Editorial

A Search for Tools to Support Decision-Making for PIVC Use

© 2017 Society of Hospital Medicine

Peripheral intravenous catheters (PIVCs) are the most frequently used vascular access devices (VADs) in all patient populations and practice settings. Because of its invasive nature and the fact that PIVCs are placed and medications are administered directly into the bloodstream, vascular access is risky. There are multiple factors to consider when placing a PIVC, the least of which is determining the most appropriate device for the patient based on the prescribed therapy.

VAD planning and assessment needs to occur at the first patient encounter so that the most appropriate device is selected and it aligns with the duration of the treatment, minimizes the number of unnecessary VADs placed, and preserves veins for any future needs. The level of the clinician’s expertise, coupled with challenging environments of care, add to the complexity of what most perceive to be a “simple” procedure—placing a PIVC. For these reasons, it’s imperative that clinicians are competent in the use and placement of VADs to ensure safe patient care.

Carr and colleagues1 performed a notable scoping review to determine the existence of tools, clinical prediction rules, and algorithms (TRAs) that would support decision-making for the use of PIVCs and promote first-time insertion success (FTIS). They refined their search strategy to studies that described the use or development of any TRA regarding PIVC insertion in hospitalized adult patients.

The team identified 36 references for screening and based on their inclusion and exclusion criteria, were left with 13 studies in the final review. Inclusion criteria included TRAs for PIVC insertion in hospitalized adult patients using a traditional insertion approach, which was defined as “an assessment and/or insertion with touch and feel, therefore, without vessel locating technology such as ultrasound and/or near infrared technology.” 1 Of note is that some of the exclusion criteria included pediatric studies, TRAs focused on postinsertion assessment, studies that examined VADs other than PIVCs, and studies in which vascular visualization techniques were used.

In general, the authors were unable to find reported evidence that the study recommendations were adopted in clinical practice or to what degree any TRA had on the success of a PIVC insertion. As a result, they were unable to determine what, if any, clinical value the TRAs had.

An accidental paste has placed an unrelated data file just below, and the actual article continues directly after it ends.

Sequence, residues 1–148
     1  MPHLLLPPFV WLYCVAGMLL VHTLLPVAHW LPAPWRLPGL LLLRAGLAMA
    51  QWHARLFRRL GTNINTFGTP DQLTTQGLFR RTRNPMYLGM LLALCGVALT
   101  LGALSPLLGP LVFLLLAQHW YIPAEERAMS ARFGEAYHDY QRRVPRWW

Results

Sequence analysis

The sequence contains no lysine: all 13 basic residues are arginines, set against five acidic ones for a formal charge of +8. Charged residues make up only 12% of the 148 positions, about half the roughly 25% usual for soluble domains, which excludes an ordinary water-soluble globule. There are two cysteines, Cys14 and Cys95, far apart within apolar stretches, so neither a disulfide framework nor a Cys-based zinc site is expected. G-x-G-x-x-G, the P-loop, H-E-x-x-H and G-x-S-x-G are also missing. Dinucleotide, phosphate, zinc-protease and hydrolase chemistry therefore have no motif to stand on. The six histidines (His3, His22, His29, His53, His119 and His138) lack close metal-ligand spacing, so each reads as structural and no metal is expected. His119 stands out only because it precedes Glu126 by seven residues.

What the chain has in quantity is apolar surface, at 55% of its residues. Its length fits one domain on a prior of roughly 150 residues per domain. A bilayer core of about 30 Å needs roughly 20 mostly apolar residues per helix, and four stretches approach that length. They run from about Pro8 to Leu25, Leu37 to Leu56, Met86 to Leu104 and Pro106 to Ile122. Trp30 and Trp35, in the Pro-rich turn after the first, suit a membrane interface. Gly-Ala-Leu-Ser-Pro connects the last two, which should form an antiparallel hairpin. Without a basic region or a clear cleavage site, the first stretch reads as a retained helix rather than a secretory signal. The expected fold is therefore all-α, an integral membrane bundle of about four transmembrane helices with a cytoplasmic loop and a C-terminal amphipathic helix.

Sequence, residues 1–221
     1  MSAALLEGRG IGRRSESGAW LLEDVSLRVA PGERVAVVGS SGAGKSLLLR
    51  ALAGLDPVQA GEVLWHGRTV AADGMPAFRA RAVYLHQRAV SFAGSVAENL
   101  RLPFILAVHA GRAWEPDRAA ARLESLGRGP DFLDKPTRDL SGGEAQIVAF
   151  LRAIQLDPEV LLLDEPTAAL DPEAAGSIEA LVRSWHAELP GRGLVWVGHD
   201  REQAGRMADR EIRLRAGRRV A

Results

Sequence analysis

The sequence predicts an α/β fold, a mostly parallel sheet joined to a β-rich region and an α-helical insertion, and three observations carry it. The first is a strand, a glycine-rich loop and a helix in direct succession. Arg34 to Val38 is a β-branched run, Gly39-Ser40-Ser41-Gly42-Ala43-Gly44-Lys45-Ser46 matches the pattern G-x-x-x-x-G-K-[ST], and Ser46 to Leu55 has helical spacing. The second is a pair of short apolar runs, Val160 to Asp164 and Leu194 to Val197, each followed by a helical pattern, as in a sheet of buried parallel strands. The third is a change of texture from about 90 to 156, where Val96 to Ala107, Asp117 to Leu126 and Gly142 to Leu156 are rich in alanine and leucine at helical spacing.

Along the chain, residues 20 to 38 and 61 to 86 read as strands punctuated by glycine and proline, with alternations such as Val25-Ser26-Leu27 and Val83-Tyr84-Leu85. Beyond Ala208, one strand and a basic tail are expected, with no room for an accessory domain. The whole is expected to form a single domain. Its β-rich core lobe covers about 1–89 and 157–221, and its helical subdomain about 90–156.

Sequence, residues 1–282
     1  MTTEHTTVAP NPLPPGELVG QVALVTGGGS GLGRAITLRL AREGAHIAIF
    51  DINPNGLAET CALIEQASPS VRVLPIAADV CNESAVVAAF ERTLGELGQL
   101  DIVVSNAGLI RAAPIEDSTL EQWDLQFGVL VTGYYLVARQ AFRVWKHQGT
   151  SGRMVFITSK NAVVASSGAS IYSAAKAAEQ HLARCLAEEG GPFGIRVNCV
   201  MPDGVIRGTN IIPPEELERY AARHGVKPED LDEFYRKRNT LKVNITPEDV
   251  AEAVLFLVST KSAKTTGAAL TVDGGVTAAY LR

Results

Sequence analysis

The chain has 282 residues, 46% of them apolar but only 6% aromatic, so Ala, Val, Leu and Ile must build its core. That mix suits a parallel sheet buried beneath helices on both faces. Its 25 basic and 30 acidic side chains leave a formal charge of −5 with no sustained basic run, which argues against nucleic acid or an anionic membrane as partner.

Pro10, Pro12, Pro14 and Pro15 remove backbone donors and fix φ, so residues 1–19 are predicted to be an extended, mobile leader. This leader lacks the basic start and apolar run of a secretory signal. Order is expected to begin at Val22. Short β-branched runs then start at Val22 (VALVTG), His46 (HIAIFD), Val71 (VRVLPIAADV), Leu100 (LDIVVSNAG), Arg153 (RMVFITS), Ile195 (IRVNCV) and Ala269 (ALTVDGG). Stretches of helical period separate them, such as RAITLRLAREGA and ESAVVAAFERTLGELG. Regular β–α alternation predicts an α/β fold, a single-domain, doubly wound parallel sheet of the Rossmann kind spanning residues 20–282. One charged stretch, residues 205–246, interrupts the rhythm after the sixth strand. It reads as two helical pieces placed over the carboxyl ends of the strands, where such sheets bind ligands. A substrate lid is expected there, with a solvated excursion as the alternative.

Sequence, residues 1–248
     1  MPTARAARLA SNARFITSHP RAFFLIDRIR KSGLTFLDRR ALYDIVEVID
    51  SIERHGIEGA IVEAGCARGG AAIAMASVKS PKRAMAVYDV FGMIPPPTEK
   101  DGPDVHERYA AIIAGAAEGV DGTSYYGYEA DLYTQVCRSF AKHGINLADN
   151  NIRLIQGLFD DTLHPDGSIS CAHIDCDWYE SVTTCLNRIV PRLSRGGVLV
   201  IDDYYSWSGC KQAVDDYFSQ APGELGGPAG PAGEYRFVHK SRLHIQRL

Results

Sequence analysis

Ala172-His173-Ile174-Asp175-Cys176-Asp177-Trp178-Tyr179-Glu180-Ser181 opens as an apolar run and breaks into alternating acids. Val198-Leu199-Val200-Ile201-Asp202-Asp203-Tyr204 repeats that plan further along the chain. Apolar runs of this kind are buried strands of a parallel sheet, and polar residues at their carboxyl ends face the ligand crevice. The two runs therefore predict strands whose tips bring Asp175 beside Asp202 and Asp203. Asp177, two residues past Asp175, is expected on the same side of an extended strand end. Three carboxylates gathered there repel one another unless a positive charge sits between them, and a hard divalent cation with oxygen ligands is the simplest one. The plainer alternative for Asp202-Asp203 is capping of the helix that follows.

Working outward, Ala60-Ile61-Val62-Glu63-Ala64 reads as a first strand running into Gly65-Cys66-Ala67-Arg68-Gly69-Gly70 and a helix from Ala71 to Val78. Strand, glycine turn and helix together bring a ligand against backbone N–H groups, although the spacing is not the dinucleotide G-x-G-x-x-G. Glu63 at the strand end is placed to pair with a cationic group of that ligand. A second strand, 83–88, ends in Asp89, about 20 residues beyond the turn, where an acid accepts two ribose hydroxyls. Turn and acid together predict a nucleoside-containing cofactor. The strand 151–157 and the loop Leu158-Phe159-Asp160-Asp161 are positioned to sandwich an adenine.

The review of the studies, however, identified 3 variables that had an impact on PIVC insertion success: patient, clinician, and product characteristics. Vein characteristics, such as the number, size, and location of veins, and patients’ clinical conditions, such as diabetes, sickle cell anemia, and intravenous drug abuse, were noted as predictors of PIVC insertion success. In 7 papers, the primary focus was on patients with a history of difficult intravenous access (DIVA). The definition of DIVA varied from time to insertion of the PIVC to the number of failed attempts, ranging from 1 to 3 or more attempts.

Clinician variables, such as specialty nurse certification, years of experience, and self-reporting skill level, were associated with successful insertions, and clinicians who predicted FTIS were likely to have FTIS. Product variables included PIVC gauge size and the number of vein options and the relationship with successful first attempts.

Limitations noted by the researchers were a lack of sufficient published evidence for TRAs for PIVC insertion and standardized definitions for DIVA and expert inserters. The number of variables and the dearth of standardized terms may also influence the ability to adopt any TRAs.

While the purpose of the research was to identify TRAs that could guide clinical practice for the use of PIVCs and successful insertions, the authors make an important point that dwell time was not considered. While a TRA may lead to a successful insertion, it may not transcend the intended life of the PIVC or the duration of the therapy. Therefore, TRAs should embed steps that ensure the appropriate device is selected at the start of the patient’s treatment.

The authors identified a need for undertaking and providing research in a critical area of patient care and safety. This article increases awareness of issues related to PIVCs and the impact they have on patient care. FTIS rates vary and the implications of their use are many. Patient satisfaction, no delay in treatment, vein preservation, a decreased risk of complications, and the cost of labor and products are factors to consider. Tools to improve patient outcomes related to device insertion, care, and management need to be developed and validated. The authors also note that future TRAs should integrate the use of ultrasound and vascular visualization technologies.

In a complex, challenging healthcare environment, tools and guidance that enhance practice do not only help clinicians; they have a positive impact on patient care. The need for research, so that gaps in knowledge and science can be bridged, is clear. Gaps must be identified, research conducted, and TRAs developed and adopted to enhance patient outcomes.

Disclosure

The author reports no conflicts of interest.

References

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